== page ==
Exactly. If there's any lesson people should learn from Facebook, Instagram, and Snapchat, it's that these users are fickle. Valuations based on long-term growth and long-term exploitation of those users are somewhere between very speculative and outright fantasy.
I don't disagree, but to me, $3 billion dollars is indeed a gold-mine.
I don't know what they're worth, what they will be worth, or whether or not it'll ever end up being super profitable. Apparently, the naysayers were wrong about Groupon, as they're now doing pretty well, and it seems that turning down the acquisition offer wasn't entirely stupid.
That said, $3 billion dollars is a lot of money, and I would pretty much always take it, and move on to executing the next idea.
Sorry, I'm referring to this paragraph: "They guess at their business model and then do premature, loud and aggressive Public Relations hype and early company launches and quickly burn through their cash. This is a great strategy if there’s a bubble occuring in your market or you are going to bet it all on flipping your company for a sale."
He is saying that in a bubble it is a great strategy if you "guess at their business model and then do premature, loud and aggressive Public Relations hype and early company launches and quickly burn through their cash."
That is precisely the opposite of the Lean Startup approach. So I believe the sentiment is, as I said, similar. If you aren't seeing that, I'm happy to disagree.
I look at this from the angle of FB and GOOG, and seriously question if Snapchat is worth the acquisition. My gut tells me that patience will be rewarded.
The value to FB/GOOG is the audience -- the users they're trying to reach. It's not as if they couldn't replicate the technology to drive that type of service. The defensibility of Snapchat against competitors is the demographics of the user base.
I don't use Snapchat, nor does my wife. Or any other set of parents I know. But my kids do, as do their kids. Right now, for any teen/tween in our community, it's Snapchat and Instagram.
And if I acquire Snapchat, that gets me.......what? A service with no revenue and a user base that's naturally fickle. The only way I can justify this acquisition for FB or GOOG is if there is some long-term value from the user base. And I don't think the value is there.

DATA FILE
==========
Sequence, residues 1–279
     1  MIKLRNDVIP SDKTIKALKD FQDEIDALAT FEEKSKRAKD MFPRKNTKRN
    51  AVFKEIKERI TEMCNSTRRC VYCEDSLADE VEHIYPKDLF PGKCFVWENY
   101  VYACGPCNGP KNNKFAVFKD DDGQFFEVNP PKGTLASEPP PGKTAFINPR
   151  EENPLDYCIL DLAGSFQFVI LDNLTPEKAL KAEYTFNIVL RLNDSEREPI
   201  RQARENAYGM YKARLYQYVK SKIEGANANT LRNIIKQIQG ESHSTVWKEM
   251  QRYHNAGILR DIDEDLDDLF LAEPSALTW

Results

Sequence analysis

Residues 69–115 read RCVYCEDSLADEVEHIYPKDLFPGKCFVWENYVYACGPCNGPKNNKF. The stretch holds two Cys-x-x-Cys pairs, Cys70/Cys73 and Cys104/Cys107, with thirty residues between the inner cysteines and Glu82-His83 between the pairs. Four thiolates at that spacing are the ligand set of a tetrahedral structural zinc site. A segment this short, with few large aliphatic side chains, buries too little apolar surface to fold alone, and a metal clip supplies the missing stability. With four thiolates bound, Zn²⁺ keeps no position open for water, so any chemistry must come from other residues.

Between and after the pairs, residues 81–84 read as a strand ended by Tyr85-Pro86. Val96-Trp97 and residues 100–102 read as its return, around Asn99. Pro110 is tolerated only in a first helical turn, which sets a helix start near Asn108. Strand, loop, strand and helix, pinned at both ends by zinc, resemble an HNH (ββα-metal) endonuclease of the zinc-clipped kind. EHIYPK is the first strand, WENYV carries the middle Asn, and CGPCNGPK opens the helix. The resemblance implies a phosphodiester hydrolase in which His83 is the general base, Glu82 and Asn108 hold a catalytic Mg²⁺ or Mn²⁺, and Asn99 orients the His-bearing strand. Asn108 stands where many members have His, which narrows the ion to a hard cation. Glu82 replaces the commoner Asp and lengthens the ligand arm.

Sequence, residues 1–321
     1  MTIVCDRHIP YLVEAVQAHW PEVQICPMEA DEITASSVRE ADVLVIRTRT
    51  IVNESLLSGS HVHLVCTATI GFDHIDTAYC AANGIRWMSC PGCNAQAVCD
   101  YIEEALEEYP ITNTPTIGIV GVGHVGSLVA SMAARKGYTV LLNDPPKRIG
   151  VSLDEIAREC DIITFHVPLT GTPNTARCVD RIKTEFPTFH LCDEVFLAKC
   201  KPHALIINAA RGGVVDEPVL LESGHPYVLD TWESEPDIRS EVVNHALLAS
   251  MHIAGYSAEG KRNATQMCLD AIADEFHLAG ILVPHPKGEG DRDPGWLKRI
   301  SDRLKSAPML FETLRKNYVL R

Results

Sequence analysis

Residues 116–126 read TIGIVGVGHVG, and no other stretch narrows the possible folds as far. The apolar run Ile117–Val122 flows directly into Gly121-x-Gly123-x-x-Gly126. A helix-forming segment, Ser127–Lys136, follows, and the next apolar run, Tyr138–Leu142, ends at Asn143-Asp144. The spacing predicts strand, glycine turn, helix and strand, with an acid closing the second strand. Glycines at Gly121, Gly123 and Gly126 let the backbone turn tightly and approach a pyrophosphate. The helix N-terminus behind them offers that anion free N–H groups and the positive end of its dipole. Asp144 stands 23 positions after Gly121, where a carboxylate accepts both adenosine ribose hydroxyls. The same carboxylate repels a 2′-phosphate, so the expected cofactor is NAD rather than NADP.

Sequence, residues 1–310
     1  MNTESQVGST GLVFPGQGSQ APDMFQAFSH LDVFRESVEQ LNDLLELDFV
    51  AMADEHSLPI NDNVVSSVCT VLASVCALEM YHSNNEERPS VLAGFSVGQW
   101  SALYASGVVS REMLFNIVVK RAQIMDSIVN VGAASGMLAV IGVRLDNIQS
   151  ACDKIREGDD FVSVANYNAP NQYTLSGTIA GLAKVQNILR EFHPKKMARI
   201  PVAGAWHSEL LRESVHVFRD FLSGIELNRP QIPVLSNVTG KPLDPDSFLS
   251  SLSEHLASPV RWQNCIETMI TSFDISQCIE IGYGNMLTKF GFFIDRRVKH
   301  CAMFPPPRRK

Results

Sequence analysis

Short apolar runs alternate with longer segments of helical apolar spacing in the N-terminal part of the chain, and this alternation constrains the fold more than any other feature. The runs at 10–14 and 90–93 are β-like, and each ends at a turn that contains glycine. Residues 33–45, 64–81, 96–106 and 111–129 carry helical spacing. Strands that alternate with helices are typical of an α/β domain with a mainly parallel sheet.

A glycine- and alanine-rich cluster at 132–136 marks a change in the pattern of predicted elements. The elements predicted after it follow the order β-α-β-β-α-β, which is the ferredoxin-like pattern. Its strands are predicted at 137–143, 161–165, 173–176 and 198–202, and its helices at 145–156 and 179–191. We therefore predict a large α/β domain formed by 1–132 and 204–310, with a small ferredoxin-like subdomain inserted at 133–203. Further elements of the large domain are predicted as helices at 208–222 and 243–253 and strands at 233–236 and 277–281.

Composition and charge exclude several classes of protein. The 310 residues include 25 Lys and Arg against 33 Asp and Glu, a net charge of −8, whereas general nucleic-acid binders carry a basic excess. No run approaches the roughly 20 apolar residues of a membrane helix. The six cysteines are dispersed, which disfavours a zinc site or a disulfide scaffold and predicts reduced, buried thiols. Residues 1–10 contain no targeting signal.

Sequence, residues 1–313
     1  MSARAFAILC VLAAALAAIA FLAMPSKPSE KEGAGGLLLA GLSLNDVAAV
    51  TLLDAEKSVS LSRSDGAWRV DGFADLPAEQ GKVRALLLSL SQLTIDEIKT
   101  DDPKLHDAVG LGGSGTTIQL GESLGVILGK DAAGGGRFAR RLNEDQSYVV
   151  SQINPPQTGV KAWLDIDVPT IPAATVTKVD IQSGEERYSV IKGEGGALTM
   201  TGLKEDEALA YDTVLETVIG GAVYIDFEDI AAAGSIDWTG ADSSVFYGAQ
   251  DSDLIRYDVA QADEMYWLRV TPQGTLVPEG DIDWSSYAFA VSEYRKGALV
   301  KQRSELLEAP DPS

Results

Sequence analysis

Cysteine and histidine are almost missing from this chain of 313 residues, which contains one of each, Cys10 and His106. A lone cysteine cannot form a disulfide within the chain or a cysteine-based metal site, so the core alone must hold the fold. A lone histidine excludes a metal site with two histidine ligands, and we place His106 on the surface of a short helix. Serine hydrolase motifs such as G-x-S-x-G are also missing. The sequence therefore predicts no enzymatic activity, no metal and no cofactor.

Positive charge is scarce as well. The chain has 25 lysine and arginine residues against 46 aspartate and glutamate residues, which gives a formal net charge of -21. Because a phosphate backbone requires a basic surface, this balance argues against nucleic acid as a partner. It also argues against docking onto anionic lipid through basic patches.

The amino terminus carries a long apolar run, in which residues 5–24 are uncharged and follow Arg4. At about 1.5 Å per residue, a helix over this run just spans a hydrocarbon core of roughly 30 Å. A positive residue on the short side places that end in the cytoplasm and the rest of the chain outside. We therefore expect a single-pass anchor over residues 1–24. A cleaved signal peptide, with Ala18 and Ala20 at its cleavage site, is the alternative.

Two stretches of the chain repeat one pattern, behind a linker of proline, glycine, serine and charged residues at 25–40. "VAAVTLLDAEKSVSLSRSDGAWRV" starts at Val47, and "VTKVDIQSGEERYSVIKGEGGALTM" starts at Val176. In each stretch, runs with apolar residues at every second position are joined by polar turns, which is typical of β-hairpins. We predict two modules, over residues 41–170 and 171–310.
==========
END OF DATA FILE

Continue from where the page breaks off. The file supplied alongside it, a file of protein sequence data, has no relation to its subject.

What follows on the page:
If I'm GOOG or FB, I think I sit on Snapchat for as long as possible. I'm betting that Snapchat's value will never be more than it is right now.
> And if I acquire Snapchat, that gets me.......what?
It gets you solid 3-7 years of billions of eyeballs to monetize from, and nobody is better at monetizing than Google or Facebook.
There are 2 reasons why GOOG/FB are interested in picking Snapchat up. #1 user base #2 traffic. No other reasons.
#1. When FB strategist comes to Zuckerberg, he tells him: "listen this company is making dent in our traffic. If its continue the kids that abandon FB for Snaptchat will create $XX billions (sum A) of a hole in ads sales. So you need to go out and offer X% of sum A and pray they accept it.
#2. When FB ads vp come to Zuckerberg, he tells him: "listen, here are my ideas how we can serve ads to those billions of eyeballs. This will create $XX billions (sum B) of profits for Facebook. So you need to go out and offer X% of sum B and pray they accept it.
As of whether its a "startup" or not, I say it is exactly for the reasons other says its not: revenue (or lack of it). I don't think you can call a company "startup" only when they have a business model and or revenues. Snapchat through millions of uniques proved to the world they do solve some kind of problem, even if its as silly as flashing photos of a drunk teen for 5 seconds.
Edit: so the wisdom of the day would be: build a service for a huge user base that is important to facebook (youngsters), preferably on mobile (that is a future of computing/socializing).
Revenue (or lack thereof) doesn't determine "startup" status and I never said it did.